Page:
Wesleyan’s Mortar Board is one of only 230 prestigious chapters across the nation.

The national honor society for senior students prides itself and lifelong members on the principles of scholarship, leadership and service.

Mortar Board began with two students who met coincidentally in 1918. Although the students were from different campuses, they wore similar pins – mortarboards. Later, those women were instrumental in the initiation of the organization at four college campuses.

Today, Mortar Board continues the nearly 100-year-old traditions of the mysterious “tapping” of new members and providing opportunities to serve campus, community and the nation.

Wesleyan student, Melody Armijo, vice president of communications for Mortar Board National Senior Honor Society said the application process begins after each fall semester.

“It will be in early June and will last until February,” Armijo said. “Selection and everything is done in March and tapping in April.”

Historically, newly selected members are “tapped” as an induction into Mortar Board.

“When we tap them, it’s to let them know, ‘You have been selected,’” Armijo said. “This year, we’re doing it in full robe. It might be in class, it might be while they’re out doing something. We don’t give out names. We don’t give out dates, so [new members] are caught by surprise.”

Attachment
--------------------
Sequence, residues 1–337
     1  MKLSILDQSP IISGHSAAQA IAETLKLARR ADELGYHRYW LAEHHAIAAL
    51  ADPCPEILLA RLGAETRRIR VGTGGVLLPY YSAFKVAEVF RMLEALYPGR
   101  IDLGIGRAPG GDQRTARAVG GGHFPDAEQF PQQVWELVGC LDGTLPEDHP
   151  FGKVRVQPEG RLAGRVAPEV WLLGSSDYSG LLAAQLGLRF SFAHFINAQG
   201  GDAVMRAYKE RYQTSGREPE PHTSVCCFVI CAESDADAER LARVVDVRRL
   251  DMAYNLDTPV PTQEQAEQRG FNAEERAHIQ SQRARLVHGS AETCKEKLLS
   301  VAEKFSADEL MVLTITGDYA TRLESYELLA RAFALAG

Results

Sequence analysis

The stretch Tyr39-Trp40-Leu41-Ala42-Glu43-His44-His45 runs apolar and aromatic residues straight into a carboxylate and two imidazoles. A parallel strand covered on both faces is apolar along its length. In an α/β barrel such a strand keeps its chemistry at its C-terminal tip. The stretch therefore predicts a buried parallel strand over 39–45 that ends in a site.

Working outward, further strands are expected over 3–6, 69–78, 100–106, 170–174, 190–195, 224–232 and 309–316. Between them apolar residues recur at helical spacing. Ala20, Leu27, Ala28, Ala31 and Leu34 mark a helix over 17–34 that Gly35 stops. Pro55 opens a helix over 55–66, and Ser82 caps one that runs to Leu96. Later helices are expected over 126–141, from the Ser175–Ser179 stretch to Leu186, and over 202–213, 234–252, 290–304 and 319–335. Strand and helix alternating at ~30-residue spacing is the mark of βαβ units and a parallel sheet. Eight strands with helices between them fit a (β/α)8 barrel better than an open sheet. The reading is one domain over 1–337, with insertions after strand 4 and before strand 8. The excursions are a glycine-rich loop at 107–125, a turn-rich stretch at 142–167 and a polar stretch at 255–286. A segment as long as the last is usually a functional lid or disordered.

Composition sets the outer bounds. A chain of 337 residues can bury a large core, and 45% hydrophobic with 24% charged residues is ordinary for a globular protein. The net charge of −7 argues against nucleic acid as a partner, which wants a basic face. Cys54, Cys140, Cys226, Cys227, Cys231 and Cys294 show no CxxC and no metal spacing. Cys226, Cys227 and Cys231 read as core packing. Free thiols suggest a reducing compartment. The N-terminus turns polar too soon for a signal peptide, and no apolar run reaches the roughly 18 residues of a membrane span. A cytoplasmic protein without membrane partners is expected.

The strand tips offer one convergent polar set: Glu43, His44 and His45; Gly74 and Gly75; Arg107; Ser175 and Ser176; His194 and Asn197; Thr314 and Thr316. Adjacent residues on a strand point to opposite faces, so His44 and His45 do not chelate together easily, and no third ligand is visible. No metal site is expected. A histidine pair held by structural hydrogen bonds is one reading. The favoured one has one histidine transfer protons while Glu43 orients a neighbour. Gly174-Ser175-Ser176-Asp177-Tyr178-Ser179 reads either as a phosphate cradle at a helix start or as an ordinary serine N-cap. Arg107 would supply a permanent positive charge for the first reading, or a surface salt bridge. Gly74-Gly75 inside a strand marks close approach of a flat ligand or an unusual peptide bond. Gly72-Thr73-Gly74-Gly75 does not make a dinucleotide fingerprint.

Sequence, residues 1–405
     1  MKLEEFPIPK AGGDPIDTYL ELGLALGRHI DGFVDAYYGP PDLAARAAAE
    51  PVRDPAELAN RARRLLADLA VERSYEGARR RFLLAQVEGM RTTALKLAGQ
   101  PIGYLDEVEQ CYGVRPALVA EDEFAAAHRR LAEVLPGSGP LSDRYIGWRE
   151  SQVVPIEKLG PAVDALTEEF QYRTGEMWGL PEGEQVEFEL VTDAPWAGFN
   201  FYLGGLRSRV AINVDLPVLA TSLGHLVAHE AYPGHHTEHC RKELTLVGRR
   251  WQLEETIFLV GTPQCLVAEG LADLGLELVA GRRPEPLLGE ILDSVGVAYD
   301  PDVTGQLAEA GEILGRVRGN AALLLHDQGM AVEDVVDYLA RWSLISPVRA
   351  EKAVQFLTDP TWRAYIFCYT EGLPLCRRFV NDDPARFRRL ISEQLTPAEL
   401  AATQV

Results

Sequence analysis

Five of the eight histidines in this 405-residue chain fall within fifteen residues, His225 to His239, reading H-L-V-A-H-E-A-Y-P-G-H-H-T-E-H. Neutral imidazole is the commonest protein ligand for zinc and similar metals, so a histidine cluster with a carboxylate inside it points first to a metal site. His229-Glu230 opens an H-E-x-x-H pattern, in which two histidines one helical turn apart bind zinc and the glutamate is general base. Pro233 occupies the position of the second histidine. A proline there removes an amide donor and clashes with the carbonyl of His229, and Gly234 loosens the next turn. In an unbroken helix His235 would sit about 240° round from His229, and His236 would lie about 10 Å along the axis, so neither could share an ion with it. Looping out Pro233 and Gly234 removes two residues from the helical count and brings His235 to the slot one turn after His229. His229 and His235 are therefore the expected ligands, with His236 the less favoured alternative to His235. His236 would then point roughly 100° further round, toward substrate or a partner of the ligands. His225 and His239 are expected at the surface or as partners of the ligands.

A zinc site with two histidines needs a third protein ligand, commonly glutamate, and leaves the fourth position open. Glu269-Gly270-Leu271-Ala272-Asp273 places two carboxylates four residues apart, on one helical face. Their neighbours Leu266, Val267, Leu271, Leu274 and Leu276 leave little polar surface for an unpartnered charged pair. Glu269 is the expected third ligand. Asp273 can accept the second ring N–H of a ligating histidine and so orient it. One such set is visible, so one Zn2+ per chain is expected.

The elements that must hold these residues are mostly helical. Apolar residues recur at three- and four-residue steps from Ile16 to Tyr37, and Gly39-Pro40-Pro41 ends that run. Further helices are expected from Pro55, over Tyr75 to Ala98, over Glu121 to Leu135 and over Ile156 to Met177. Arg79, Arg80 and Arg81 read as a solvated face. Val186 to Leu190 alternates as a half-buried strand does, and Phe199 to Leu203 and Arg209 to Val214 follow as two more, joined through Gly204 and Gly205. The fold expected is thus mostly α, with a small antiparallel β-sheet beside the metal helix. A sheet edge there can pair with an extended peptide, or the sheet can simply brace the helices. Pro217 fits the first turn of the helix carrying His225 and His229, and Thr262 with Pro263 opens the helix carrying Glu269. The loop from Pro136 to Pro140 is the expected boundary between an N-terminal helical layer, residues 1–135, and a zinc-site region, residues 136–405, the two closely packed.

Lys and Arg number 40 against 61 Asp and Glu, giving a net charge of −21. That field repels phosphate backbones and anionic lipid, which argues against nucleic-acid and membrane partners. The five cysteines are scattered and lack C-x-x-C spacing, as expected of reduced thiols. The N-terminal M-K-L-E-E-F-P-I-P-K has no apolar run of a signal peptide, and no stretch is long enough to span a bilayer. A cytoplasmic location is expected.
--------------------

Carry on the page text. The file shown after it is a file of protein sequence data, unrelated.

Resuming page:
This year, Mortar Board selected 24 new members into the national honor society. As members of Mortar Board, the newly tapped members can look forward to becoming a part of a society with local and nationwide impact.

“Mortar Board is very active on campus. We hold a lot of events to bring awareness to the students on campus about our organization,” Armijo said. “We do community service, [and] we participated in the DIABEATTHIS festival. For our convention, [we] took books… to be mailed out to schools. Through fundraising, [we] collect money to give school supplies, at the half-year mark, to a local school and a school in Africa.”

So the floating mass of robes is not the Voltaire. They are among Wesleyan’s student leaders, commissioned to seek fellow Rams in a quest to influence the world with scholarship, leadership, and service. DIABEATTHIS